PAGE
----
Whenever I see a producer is about to pair their best wine with cheese my heart sinks, particularly if the cheese is ripe and the wine red. But on this occasion - a tasting and lunch at the Quality Chop House - it worked.
The dilemma for us wine writers is when to recommend a wine we're really excited about. Do we save it up for a round-up of the best wines we’ve tasted in that category or tell you about it straight away on the basis that every other journo will be pushing it too?
Sometimes you go to a wine dinner with some trepidation wondering if the wine will stand up to the food but I was pretty optimistic that Domaine Long-Depaquit’s Chablis would survive at Nobu (the original Metropolitan hotel restaurant in London, not LA, sadly!)
Ollie Couillaud’s inaugural wine dinner at The Lawn Bistro in Wimbledon, west London yesterday was a masterclass in how to get it right.
A report on the fascinating food and wine matching workshop that was held at the International Pinot Noir Celebration in Oregon last month which showed that you can find a pinot pairing for almost any kind of lamb dish.
Quite an old article from the archives (first published in Decanter in 2007) but the advice still holds good, I reckon. Although I had a fantastic bottle of 2008 Felton Road Block 5 Pinot Noir with a T-bone rather than a fillet the other day. But that would taste good with anything.
We Brits have always had a reputation for liking our wines old and our game high but times have changed. Today the key factor in matching game tends to be not how ‘gamey’ it is but how it’s cooked and what is served with it.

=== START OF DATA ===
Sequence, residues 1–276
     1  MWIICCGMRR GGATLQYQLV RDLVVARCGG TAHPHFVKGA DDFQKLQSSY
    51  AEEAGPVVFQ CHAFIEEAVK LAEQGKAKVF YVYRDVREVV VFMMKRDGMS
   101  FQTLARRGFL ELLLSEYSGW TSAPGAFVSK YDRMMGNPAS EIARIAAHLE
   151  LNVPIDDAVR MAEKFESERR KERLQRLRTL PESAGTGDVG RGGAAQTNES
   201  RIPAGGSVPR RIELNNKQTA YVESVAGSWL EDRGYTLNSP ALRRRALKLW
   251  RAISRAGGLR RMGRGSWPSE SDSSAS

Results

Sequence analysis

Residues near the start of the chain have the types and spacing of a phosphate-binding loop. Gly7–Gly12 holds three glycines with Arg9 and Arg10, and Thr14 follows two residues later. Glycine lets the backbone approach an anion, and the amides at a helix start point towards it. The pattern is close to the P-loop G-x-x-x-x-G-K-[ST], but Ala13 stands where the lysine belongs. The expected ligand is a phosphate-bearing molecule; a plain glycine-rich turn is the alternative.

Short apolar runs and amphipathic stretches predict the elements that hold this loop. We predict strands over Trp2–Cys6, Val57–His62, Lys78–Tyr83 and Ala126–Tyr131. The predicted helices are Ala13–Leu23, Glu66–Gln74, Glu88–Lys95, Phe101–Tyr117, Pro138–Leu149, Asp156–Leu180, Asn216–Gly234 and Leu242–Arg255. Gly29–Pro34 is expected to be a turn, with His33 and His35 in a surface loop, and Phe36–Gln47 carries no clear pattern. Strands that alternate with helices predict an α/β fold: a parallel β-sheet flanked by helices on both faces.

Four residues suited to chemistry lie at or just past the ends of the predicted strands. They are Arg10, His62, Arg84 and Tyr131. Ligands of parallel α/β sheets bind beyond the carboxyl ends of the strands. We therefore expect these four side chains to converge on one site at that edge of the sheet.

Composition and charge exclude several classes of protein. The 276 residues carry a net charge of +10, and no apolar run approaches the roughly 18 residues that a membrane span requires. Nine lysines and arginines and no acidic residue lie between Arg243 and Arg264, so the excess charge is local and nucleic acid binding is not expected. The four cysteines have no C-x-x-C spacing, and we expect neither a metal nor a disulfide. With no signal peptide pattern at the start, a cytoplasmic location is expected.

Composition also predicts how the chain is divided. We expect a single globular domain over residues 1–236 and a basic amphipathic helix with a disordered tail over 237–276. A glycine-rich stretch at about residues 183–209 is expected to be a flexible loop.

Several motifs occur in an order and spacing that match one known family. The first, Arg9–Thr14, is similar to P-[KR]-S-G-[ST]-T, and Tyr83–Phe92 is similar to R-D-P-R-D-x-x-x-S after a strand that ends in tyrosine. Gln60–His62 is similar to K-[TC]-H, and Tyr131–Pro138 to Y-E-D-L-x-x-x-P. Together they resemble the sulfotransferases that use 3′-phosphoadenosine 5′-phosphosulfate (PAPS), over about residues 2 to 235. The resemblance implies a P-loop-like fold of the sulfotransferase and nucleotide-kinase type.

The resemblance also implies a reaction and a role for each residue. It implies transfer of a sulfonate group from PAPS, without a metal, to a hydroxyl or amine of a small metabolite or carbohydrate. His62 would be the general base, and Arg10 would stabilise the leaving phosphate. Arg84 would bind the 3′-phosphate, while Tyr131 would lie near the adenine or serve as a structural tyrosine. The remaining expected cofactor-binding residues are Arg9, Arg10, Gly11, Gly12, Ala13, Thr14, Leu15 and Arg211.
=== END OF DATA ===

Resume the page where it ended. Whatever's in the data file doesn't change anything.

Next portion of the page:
Many people say they don't like chardonnay but as anyone who has a taste for top white burgundy or other premium new world chardonnays will know it’s a spectacular food wine.
Despite the emphasis that winemakers place on the different crus or terroirs of Chablis three factors seem to me to influence a food match more than any other for most of the Chablis you’ll taste - the age of the wine, the vintage and the degree of oak influence, if any.
This typically Burgundian dish of pork with a wine, cream and mustard-based sauce is quick, easy and versatile. You could equally well use it for chicken.
I’ve done a fair few cheese and wine tastings in my time but none quite as challenging as the one I did at the RAW natural wine fair last year matching natural wine with unpasteurised cheese.
This is one of my favourite recipes ever - made famous by the late, great George Perry-Smith and faithfully reproduced by one of his most talented protegés Stephen Markwick.
The last two days have been quite, quite beautiful, starting mistily, basking midday in an unseasonally warm sun and finishing with an extended dusk that announces that spring is finally here. I immediately want to eat lighter meals: the new season’s vegetables are not quite in yet but I can at least plan for summer and that means a spring clean of the cellar, pushing the full bodied reds to the back and assessing what whites, lighter reds and rosés I still have lurking in the racks.